Vienna Test System: Cognitrone


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Note: This test review was published by BPS on 9th August 2007

Description of the Test:

The Vienna Test System is a computerised collection of tests and assessments that can be used alone or combined as batteries of tests. The system contains 74 instruments covering work, health and education and categorised as Intelligence, General Ability, Special Ability, Personality Structure, Attitude and Interests and Clinical tests. Many of the tests are multi-lingual with the majority being in German and English. Those tests that are produced in the English Language and have not been reviewed elsewhere are reviewed here as individual tests. Cognitrone (COG) is one of 8 General Ability Tests within the fully computerised Vienna Test System. It is a general performance test for the assessment of attention and concentration based on Reulecke's (1991)theory of concentration. There are forms of the test which can be administered to adults and to children from four years of age. The tests involve the presentation of abstract figures on which the test taker makes a judgment concerning their congruence. Items are presented on screen and the test takers respond using either a computer keyboard or the VTS work panel. Each test begins with an animated instruction phase and an error sensitive practice phase. There are ten test forms (S1-S9 and S11) which differ in terms of item difficulty, number of items, working time limit and number of figures in the display field. Seven of the test forms have an unlimited working time (S1-S3, S7-S9, S11) and three test forms have a fixed working time of 1.8 seconds per item (S4-S6). Test forms S1/S4, S2/S5 and S3/S6 differ in terms of the complexity of the patterns. Test form S7 includes only one figure in the display field for the target to be compared to. Test forms S8 and S9 contain simple figures and have an overall time limit of seven minutes. Scoring is computer managed and based on two main metrics, number of correct responses for the timed versions and mean time to respond for the untimed versions. These are both normed using percentiles and T-scores. Some secondary measures are also reported e.g. correct hits versus correct rejections. A computer-generated report of the scores is presented which can be downloaded as a word file.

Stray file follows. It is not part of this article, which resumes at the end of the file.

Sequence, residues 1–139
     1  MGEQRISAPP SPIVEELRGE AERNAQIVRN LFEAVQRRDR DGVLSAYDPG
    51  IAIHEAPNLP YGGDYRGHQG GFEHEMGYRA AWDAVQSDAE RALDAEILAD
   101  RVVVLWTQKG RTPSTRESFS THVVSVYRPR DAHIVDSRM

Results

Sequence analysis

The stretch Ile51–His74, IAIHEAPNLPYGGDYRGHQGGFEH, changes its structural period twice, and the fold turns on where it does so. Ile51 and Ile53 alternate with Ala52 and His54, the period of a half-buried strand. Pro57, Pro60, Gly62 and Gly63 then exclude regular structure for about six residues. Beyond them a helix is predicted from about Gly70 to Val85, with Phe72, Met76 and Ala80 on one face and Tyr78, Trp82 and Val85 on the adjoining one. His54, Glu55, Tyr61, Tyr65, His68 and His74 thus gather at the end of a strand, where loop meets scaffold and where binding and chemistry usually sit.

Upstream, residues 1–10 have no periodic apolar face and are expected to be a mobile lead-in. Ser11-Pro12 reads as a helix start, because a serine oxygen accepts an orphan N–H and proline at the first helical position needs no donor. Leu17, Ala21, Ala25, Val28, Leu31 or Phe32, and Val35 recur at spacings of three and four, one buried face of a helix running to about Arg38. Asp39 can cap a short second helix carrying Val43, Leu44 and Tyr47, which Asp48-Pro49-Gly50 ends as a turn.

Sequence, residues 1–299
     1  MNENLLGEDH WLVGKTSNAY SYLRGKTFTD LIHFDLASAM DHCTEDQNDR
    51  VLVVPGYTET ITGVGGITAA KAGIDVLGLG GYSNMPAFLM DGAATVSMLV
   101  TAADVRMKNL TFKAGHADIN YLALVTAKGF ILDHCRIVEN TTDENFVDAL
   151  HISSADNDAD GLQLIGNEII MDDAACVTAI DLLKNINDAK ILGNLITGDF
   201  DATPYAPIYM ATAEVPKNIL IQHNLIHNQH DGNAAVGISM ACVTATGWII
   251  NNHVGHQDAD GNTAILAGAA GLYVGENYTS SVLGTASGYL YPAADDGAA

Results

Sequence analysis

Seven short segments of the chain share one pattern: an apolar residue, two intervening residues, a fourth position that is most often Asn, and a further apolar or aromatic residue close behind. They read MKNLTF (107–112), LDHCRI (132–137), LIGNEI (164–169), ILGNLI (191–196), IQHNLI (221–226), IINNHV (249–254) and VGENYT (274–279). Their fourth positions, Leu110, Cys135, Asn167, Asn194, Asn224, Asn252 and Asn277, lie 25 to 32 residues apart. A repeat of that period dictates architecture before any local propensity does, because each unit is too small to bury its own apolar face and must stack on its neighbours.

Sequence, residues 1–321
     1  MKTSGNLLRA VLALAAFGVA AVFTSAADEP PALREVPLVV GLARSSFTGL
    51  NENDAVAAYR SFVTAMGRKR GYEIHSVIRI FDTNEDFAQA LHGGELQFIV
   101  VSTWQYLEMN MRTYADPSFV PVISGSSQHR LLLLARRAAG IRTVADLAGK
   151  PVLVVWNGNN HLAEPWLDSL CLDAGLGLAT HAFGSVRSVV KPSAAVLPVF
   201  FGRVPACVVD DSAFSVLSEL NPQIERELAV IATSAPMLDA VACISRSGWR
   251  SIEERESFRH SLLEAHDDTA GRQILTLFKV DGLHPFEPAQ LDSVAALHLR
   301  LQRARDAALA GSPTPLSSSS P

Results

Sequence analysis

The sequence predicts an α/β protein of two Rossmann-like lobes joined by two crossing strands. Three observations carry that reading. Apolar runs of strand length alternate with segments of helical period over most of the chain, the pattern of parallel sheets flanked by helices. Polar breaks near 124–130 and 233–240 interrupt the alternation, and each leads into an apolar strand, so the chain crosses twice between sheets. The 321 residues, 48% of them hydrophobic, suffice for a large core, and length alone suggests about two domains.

Authors: Gernot Schufried

Test Publisher: SCHUHFRIED GmbH

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